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The cgroup freezer is useful to batch job management system which start
and stop sets of tasks in order to schedule the resources of a machine
according to the desires of a system administrator. This sort of program
is often used on HPC clusters to schedule access to the cluster as a
whole. The cgroup freezer uses cgroups to describe the set of tasks to
be started/stopped by the batch job management system. It also provides
a means to start and stop the tasks composing the job.

The cgroup freezer will also be useful for checkpointing running groups
of tasks. The freezer allows the checkpoint code to obtain a consistent
image of the tasks by attempting to force the tasks in a cgroup into a
quiescent state. Once the tasks are quiescent another task can
walk /proc or invoke a kernel interface to gather information about the
quiesced tasks. Checkpointed tasks can be restarted later should a
recoverable error occur. This also allows the checkpointed tasks to be
migrated between nodes in a cluster by copying the gathered information
to another node and restarting the tasks there.

Sequences of SIGSTOP and SIGCONT are not always sufficient for stopping
and resuming tasks in userspace. Both of these signals are observable
from within the tasks we wish to freeze. While SIGSTOP cannot be caught,
blocked, or ignored it can be seen by waiting or ptracing parent tasks.
SIGCONT is especially unsuitable since it can be caught by the task. Any
programs designed to watch for SIGSTOP and SIGCONT could be broken by
attempting to use SIGSTOP and SIGCONT to stop and resume tasks. We can
demonstrate this problem using nested bash shells:

	$ echo $$
	16644
	$ bash
	$ echo $$
	16690

	From a second, unrelated bash shell:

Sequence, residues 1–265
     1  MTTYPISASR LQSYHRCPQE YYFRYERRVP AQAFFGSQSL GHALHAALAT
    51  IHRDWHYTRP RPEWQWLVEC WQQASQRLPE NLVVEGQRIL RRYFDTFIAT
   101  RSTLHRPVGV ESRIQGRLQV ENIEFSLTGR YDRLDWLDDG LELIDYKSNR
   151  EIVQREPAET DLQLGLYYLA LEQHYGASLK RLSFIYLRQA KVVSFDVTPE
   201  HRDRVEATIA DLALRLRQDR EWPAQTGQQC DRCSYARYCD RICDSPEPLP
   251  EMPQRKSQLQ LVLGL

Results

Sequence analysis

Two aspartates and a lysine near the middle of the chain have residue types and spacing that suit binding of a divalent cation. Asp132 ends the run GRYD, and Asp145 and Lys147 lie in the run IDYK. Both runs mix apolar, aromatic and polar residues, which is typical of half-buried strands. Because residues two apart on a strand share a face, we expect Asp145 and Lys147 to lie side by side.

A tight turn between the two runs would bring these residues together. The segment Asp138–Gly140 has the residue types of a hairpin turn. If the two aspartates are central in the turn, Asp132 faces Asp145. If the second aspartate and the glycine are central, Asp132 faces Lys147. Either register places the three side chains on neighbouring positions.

$ kill -SIGSTOP 16690
	$ kill -SIGCONT 16690

	<at this point 16690 exits and causes 16644 to exit too>

This happens because bash can observe both signals and choose how it
responds to them.

Another example of a program which catches and responds to these
signals is gdb. In fact any program designed to use ptrace is likely to
have a problem with this method of stopping and resuming tasks.

In contrast, the cgroup freezer uses the kernel freezer code to
prevent the freeze/unfreeze cycle from becoming visible to the tasks
being frozen. This allows the bash example above and gdb to run as
expected.

The cgroup freezer is hierarchical. Freezing a cgroup freezes all
tasks belonging to the cgroup and all its descendant cgroups. Each
cgroup has its own state (self-state) and the state inherited from the
parent (parent-state). Iff both states are THAWED, the cgroup is
THAWED.

The following cgroupfs files are created by cgroup freezer.

* freezer.state: Read-write.

  When read, returns the effective state of the cgroup - "THAWED",
  "FREEZING" or "FROZEN". This is the combined self and parent-states.
  If any is freezing, the cgroup is freezing (FREEZING or FROZEN).

  FREEZING cgroup transitions into FROZEN state when all tasks
  belonging to the cgroup and its descendants become frozen. Note that
  a cgroup reverts to FREEZING from FROZEN after a new task is added
  to the cgroup or one of its descendant cgroups until the new task is
  frozen.

  When written, sets the self-state of the cgroup. Two values are
  allowed - "FROZEN" and "THAWED". If FROZEN is written, the cgroup,
  if not already freezing, enters FREEZING state along with all its
  descendant cgroups.

  If THAWED is written, the self-state of the cgroup is changed to
  THAWED.  Note that the effective state may not change to THAWED if
  the parent-state is still freezing. If a cgroup's effective state
  becomes THAWED, all its descendants which are freezing because of
  the cgroup also leave the freezing state.

* freezer.self_freezing: Read only.

  Shows the self-state. 0 if the self-state is THAWED; otherwise, 1.
  This value is 1 iff the last write to freezer.state was "FROZEN".

* freezer.parent_freezing: Read only.

  Shows the parent-state.  0 if none of the cgroup's ancestors is
  frozen; otherwise, 1.

The root cgroup is non-freezable and the above interface files don't
exist.

* Examples of usage :

   # mkdir /sys/fs/cgroup/freezer
   # mount -t cgroup -ofreezer freezer /sys/fs/cgroup/freezer
   # mkdir /sys/fs/cgroup/freezer/0
   # echo $some_pid > /sys/fs/cgroup/freezer/0/tasks

to get status of the freezer subsystem :

   # cat /sys/fs/cgroup/freezer/0/freezer.state
   THAWED

to freeze all tasks in the container :

   # echo FROZEN > /sys/fs/cgroup/freezer/0/freezer.state
   # cat /sys/fs/cgroup/freezer/0/freezer.state
   FREEZING
   # cat /sys/fs/cgroup/freezer/0/freezer.state
   FROZEN

to unfreeze all tasks in the container :

   # echo THAWED > /sys/fs/cgroup/freezer/0/freezer.state
   # cat /sys/fs/cgroup/freezer/0/freezer.state
   THAWED

This is the basic mechanism which should do the right thing for user space task
in a simple scenario.